Leveson's purpose is to give ordinary victims fair redress against the media

Beyond the celebrities and politicians, there are ordinary people who often find themselves in the glare of the media through no fault of their own.

At the heart of the Leveson report is an indictment of some of the past practices of parts of the press when it came to their treatment of ordinary people. Not celebrities or politicians but ordinary people who have, often for reasons entirely out of their control, suddenly found themselves in the media glare. In some of these cases, Leveson writes "there has been a recklessness in prioritising sensation stories, almost irrespective of the harm that the stories may cause and the rights of those who would be affected (perhaps in a way that can never be remedied), all the while heedless of the public interest."

The judge cuts through the misleading impression that his inquiry was somehow about protecting the private lives of public figures, as some newspapers have claimed. He has made recommendations on the basis of evidence that a range of titles – not one rogue newspaper – were found to be routinely ransacking the lives of ordinary people with no suggestion of a genuine public interest, or any consideration for the repercussions on people’s lives. He references phone hacking, email hacking, covert surveillance, blagging, deception, harassment, blackmail, combined with a "reckless disregard for accuracy".

In some instances, this was abuse of power against ordinary people on a grand scale. There are, the Metropolitan Police now say, over 2,500 victims of phone hacking. The Dowlers and others who gave evidence to the inquiry were the tip of the tip of the iceberg. There are the victims of the 7/7 bombing – including Professor John Tulloch and Paul Dadge (both praised for their heroism at the time); the bereaved families of victims of Iraq and Afghanistan; the parents of Holly Wells and Jessica Chapman (murdered in Soham); people in the Witness Protection Programme. All allegedly hacked.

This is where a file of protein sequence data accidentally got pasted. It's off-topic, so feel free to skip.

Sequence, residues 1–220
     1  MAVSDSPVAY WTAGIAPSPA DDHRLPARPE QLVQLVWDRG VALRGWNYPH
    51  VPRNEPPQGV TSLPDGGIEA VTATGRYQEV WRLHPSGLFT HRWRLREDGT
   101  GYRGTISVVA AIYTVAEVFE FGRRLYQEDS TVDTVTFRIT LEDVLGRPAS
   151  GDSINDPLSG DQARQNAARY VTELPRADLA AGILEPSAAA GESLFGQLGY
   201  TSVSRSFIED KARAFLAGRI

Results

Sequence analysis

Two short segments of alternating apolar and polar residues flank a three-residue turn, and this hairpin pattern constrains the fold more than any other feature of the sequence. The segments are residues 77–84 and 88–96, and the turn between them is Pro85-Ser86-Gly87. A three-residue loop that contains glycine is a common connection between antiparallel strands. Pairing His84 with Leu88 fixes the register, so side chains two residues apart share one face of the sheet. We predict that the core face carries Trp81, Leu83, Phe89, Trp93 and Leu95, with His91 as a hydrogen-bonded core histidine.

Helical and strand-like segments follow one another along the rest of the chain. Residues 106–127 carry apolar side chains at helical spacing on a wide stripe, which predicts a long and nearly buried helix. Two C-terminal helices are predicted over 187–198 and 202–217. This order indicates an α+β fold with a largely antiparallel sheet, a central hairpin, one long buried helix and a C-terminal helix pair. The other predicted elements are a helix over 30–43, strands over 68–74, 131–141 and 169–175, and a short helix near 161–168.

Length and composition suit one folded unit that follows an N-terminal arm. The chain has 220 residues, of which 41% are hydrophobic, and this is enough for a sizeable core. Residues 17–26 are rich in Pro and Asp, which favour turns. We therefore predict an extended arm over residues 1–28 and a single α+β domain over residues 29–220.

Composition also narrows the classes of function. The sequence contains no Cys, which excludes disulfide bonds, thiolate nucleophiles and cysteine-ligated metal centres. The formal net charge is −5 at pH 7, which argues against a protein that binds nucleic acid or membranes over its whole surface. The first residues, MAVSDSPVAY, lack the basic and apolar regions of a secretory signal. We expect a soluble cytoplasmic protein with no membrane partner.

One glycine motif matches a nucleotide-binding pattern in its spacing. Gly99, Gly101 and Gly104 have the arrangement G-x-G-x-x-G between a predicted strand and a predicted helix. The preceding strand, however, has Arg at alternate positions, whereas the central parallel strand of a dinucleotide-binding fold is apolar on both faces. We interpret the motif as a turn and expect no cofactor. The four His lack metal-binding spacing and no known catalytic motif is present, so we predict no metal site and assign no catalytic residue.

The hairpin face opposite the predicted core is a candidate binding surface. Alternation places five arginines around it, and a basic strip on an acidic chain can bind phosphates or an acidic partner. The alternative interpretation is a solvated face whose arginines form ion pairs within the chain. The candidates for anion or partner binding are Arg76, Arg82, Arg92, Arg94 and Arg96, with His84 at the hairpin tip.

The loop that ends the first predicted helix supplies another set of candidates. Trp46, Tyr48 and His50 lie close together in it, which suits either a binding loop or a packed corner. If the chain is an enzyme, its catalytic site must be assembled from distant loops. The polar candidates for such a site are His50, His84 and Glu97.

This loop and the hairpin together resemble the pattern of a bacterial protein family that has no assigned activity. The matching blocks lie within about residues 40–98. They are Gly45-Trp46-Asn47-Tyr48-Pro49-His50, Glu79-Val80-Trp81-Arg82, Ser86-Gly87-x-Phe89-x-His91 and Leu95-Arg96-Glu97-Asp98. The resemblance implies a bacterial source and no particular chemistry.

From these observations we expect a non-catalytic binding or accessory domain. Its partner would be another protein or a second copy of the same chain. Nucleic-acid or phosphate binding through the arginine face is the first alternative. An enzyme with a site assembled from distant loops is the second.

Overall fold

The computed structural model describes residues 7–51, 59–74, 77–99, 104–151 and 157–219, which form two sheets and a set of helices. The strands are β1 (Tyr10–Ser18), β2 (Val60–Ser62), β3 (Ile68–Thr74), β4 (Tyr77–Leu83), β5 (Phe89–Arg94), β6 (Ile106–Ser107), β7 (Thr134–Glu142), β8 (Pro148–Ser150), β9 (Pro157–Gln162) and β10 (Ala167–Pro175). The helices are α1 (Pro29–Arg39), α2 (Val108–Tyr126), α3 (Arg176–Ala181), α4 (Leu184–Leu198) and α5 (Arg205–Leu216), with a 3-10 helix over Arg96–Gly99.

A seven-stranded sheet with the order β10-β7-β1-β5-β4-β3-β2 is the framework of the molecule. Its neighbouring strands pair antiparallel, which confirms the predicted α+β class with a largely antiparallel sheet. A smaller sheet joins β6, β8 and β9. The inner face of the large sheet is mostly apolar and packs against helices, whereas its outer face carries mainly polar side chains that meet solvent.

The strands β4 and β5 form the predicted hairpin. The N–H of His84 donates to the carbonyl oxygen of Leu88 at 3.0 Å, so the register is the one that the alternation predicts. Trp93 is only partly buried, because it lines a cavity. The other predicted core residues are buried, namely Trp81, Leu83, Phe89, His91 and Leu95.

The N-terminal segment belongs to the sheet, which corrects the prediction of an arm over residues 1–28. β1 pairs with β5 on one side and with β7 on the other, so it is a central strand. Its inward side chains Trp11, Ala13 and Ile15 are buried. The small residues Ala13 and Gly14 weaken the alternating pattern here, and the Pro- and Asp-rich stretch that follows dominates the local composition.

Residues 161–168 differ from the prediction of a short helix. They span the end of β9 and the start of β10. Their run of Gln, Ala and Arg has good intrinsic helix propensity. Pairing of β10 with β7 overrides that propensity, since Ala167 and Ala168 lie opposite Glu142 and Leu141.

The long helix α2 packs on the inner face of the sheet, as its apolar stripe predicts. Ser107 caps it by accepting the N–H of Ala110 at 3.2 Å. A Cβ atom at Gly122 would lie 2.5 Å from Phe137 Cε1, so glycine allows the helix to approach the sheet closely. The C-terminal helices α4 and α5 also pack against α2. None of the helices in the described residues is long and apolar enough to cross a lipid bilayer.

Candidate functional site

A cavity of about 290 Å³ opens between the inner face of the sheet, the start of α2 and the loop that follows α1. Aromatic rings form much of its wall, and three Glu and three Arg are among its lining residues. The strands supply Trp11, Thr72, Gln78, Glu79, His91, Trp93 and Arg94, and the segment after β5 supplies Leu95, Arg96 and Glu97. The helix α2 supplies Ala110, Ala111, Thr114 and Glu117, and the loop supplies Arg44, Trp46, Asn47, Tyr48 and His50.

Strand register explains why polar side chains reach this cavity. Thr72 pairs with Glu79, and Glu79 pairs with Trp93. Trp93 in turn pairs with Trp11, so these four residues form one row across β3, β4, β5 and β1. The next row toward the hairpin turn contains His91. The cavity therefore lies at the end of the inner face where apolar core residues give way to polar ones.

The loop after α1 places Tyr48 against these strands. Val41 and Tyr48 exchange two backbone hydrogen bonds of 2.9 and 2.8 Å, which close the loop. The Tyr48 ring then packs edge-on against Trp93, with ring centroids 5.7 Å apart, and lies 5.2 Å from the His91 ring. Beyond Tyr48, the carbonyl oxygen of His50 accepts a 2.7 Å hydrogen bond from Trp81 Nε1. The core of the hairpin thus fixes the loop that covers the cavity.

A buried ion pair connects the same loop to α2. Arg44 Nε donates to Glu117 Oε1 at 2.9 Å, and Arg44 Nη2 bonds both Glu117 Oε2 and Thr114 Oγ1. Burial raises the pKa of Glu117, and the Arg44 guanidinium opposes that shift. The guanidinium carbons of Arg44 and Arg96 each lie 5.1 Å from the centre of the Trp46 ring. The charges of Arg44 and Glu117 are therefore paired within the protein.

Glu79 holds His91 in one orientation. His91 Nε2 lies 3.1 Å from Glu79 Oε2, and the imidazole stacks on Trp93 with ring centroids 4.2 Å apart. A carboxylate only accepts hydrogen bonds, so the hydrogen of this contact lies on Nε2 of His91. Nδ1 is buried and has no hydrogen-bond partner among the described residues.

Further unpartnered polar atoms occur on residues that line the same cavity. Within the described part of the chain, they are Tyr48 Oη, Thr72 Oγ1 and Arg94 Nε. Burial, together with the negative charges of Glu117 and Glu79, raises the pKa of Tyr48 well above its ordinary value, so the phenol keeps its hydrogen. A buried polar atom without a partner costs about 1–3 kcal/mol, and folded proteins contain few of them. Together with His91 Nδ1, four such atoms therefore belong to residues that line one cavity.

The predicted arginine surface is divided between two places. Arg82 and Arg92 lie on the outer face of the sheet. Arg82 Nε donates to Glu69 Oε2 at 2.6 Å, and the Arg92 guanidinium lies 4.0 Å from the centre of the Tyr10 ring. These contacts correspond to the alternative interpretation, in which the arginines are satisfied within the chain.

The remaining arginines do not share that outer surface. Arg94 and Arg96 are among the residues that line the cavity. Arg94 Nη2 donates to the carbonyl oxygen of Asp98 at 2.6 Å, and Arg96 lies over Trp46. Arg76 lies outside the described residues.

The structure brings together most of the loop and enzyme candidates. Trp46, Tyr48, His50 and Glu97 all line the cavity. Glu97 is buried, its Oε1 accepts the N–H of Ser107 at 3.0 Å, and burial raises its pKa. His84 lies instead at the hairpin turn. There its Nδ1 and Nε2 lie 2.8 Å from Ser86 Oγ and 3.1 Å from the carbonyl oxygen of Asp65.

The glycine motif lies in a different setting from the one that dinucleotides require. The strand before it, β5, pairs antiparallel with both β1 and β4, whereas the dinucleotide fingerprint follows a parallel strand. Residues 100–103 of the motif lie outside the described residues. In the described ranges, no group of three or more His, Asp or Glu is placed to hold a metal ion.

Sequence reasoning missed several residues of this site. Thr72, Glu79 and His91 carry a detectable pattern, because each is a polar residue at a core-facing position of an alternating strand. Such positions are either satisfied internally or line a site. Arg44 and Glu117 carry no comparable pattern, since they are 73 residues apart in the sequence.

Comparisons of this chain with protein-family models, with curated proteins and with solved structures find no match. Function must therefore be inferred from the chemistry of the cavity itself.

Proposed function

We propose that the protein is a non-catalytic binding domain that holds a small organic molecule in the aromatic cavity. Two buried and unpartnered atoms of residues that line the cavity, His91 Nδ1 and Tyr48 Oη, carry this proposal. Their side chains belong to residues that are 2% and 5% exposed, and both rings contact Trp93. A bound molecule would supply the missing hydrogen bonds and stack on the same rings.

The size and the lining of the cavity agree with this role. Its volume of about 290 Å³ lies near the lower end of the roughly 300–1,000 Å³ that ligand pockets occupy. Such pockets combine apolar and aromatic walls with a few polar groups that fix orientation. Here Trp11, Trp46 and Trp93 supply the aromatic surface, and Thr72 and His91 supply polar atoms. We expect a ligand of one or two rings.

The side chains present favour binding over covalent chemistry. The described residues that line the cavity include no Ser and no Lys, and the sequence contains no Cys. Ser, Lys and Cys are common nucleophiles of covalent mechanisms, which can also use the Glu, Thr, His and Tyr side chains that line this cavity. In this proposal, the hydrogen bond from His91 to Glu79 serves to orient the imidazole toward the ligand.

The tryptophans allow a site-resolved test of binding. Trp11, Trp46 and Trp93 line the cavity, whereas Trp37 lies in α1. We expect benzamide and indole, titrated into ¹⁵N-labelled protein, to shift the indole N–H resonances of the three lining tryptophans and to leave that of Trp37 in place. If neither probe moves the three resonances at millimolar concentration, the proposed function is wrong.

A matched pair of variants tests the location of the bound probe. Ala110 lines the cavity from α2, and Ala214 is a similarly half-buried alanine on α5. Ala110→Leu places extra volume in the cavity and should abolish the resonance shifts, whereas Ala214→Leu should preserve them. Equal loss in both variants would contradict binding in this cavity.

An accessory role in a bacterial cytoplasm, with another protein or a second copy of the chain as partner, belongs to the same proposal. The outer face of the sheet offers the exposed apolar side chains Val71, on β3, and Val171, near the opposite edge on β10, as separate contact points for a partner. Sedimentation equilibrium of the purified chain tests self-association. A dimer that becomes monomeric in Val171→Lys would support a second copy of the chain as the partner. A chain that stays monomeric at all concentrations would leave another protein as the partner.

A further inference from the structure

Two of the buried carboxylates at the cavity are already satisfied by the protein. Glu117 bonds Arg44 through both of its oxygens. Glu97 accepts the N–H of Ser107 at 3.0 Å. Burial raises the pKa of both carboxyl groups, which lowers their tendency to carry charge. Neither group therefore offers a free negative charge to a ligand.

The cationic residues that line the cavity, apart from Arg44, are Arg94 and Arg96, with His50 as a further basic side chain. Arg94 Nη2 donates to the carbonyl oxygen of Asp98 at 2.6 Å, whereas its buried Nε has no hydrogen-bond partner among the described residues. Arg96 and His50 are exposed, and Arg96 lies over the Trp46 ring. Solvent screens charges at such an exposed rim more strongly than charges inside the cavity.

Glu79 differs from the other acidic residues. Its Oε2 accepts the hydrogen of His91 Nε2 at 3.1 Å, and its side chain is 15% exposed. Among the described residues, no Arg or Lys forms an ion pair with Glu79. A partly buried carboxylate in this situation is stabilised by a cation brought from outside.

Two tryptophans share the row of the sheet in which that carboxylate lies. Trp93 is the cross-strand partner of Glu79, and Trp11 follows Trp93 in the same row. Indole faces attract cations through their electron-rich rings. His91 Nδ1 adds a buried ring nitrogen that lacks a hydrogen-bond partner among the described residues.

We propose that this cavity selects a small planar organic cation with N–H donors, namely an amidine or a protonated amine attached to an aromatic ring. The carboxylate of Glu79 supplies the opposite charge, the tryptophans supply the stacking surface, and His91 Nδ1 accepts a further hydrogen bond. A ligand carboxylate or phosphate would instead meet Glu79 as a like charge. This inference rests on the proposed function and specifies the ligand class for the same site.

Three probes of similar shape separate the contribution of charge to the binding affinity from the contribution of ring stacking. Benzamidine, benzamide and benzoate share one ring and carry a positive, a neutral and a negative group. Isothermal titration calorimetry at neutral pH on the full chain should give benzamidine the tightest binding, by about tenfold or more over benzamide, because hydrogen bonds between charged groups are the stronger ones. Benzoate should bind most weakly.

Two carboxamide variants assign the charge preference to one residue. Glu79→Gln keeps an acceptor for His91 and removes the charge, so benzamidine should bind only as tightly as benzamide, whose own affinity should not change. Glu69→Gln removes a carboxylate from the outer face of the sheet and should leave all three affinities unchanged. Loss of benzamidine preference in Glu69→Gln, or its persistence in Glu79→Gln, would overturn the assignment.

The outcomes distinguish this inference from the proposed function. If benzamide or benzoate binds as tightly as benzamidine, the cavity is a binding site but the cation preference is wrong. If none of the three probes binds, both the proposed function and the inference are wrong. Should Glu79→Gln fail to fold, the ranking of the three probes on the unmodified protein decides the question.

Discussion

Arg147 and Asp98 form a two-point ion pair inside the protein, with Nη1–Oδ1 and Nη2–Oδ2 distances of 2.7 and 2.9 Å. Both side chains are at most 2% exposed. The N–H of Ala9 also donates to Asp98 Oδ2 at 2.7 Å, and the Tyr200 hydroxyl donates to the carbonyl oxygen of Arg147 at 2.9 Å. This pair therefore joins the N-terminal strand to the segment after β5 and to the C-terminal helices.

Then there are the hacking stories that have hardly been told. Patricia Bernal, the mother of Clare Bernal who was shot by a stalker in Harvey Nichols in 2005. Her phone was reportedly hacked the same day her daughter was shot. Jane Winter (director of British Irish Rights Watch) whose emails, which included names of Northern Irish people whose exposure could put their lives in danger. Shaun Russell, whose wife and daughter were murdered in 1996. Christopher Shipman, son of serial killer Dr Harold Shipman. Tom Rowland, freelance crime reporter. Joan Smith, journalist and free speech campaigner. All allegedly hacked.

Neither was this simply about hacking. There was also a thriving illegal trade in other personal information, as revealed in two 2006 reports by the Information Commissioner’s Office. These reports, which identified national newspapers as some of the biggest players in this trade, also made very clear that this was not just about celebrities or public figures. The private investigator employed by the newspapers was asked to go for anyone even connected to a story:

A few of the individuals caught up in the detective’s sights either had no obvious newsworthiness or had simply strayed by chance into the limelight, such as the self employed painter and decorator who had once worked for a lottery winner and simply parked his van outside the winner’s house. This group included a greengrocer, a hearing-aid technician, and a medical practitioner subsequently door-stepped by a Sunday newspaper in the mistaken belief that he had inherited a large sum of money from a former patient. (from What Price Privacy, p.17).